KARACHI: Pakistan has been guaranteed financial backing from Beijing, senior officials said, as the incoming government of Imran Khan seeks to avoid going to the International Monetary Fund (IMF) as it resolves its foreign exchange crisis, reported the Financial Times on Monday.
Senior members of Pakistan Tehreek-e-Insaf (PTI) said they have been assured that they will get further loans from China amid depleting reserves that dropped to $9 billion before Beijing came to the rescue with a $1 billion inflow.
“China has promised to continue helping Pakistan overcome the crunch on foreign payments,” one prospective cabinet minister told the FT.
Another senior party leader said, “The Chinese have signalled their intent to keep helping Pakistan avoid a crisis, a default.” But he added that Chinese officials have urged their Pakistani counterparts “to take steps to reduce the large deficit”
The FT report comes at a time when the PTI is set to form the federal government after winning the most number of National Assembly seats in last month’s general elections. While the political party gears up to lead Pakistan, among its immediate challenges would be to avert a balance of payments crisis.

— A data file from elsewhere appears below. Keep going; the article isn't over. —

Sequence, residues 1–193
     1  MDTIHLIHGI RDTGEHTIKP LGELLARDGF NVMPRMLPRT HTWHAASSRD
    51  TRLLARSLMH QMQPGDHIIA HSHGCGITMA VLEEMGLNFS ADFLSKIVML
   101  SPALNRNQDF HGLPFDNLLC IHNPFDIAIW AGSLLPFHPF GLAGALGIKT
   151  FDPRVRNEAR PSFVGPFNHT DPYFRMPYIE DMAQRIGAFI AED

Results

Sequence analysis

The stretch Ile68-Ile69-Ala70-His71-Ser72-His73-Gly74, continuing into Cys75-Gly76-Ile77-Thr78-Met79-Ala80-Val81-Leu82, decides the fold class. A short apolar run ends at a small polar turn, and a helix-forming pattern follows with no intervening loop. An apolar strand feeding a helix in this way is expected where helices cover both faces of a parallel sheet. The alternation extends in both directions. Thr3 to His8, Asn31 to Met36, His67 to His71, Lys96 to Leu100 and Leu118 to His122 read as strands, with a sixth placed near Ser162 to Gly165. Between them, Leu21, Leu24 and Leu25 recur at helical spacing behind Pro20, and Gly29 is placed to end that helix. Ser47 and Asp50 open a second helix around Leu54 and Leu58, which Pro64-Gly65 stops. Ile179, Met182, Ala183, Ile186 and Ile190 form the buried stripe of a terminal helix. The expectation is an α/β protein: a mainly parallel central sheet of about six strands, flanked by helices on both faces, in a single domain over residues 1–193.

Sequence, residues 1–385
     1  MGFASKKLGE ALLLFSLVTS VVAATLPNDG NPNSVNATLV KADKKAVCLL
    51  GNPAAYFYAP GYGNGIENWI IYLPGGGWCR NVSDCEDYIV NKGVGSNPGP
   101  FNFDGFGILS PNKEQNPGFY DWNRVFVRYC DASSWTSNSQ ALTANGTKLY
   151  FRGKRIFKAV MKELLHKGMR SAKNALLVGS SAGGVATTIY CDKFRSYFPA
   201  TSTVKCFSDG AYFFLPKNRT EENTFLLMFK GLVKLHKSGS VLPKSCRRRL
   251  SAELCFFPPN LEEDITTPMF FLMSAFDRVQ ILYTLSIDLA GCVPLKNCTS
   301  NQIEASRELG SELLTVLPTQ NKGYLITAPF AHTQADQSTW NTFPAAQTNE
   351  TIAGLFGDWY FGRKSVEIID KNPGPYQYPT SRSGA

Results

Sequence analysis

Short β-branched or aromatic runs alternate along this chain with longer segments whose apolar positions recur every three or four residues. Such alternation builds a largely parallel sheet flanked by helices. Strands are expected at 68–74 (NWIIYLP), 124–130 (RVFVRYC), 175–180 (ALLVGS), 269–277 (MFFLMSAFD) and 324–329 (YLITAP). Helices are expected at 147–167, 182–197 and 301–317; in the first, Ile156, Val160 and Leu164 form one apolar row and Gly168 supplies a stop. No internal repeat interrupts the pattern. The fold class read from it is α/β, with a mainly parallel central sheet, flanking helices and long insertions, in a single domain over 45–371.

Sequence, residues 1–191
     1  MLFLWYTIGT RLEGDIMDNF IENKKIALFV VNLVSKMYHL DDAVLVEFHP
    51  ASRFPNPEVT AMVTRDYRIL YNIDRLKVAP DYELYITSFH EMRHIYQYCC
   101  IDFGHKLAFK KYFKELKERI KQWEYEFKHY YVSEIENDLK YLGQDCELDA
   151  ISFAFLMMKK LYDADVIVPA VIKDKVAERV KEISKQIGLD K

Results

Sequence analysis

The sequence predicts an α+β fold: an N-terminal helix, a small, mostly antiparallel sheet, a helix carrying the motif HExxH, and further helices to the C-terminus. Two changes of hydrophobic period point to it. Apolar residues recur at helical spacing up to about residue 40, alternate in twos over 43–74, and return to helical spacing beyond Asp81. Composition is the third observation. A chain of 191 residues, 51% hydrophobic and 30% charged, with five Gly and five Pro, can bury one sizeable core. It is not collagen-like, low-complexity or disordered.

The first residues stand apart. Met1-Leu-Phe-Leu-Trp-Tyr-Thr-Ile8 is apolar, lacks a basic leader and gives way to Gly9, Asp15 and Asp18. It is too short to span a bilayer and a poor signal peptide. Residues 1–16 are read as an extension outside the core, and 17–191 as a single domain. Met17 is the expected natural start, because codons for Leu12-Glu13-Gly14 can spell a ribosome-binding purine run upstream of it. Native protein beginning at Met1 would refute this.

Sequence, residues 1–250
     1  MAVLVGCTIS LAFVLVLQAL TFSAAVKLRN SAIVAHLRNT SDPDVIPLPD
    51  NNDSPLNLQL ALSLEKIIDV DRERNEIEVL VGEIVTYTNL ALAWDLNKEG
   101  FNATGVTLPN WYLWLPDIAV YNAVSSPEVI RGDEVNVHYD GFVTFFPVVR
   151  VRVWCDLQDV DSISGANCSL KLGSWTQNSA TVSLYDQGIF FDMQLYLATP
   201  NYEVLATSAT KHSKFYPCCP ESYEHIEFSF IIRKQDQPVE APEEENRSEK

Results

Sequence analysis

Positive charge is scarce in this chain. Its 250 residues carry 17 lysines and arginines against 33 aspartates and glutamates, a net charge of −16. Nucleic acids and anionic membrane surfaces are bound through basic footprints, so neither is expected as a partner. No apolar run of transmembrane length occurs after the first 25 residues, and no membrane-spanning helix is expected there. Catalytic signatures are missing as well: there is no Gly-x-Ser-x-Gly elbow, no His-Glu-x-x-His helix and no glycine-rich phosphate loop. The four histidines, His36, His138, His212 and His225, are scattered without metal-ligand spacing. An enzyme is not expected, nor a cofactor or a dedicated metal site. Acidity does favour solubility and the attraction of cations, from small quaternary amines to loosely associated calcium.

Foreign currency reserves have dropped to alarming levels and are only sufficient to finance a month and a half of imports. The central bank has already let the rupee go, devaluing the currency in four rounds since December 2017 before the inflow of $1 billion arrested the slide. The government imposed regulatory duty, but that has not stopped the current account deficit from widening to $17.99 billion in fiscal year 2017-18.
While Pakistan usually relies on the IMF for an inflow, increasing friction with the US has prompted looking at other options. Though the IMF denies that US policy towards Pakistan would affect its chances of seeking the package, experts believe the pool of choices has to be bigger.
Earlier this month, a bipartisan group of US senators also expressed concern over potential bailout requests to the International Monetary Fund (IMF) by countries who have accepted “predatory Chinese infrastructure financing”.
In a letter addressed to Treasury Secretary Steven Mnuchin and Secretary of State Mike Pompeo, the senators asked how the Trump administration plans to address “the dangers of China’s Belt and Road Initiative (BRI)”.
The China-Pakistan Economic Corridor (CPEC) is part of the BRI and involves billions of dollars worth of infrastructure development and establishment of energy projects in Pakistan. However, the development has also involved China extending loans to Pakistan, much to the dismay of the US that feels Beijing is using “economic pressure to affect foreign policy decisions”.
“It is apparent that…the goal for the [Belt and Road Initiative] is the creation of an economic world order ultimately dominated by China,” the letter quoted US senators as saying.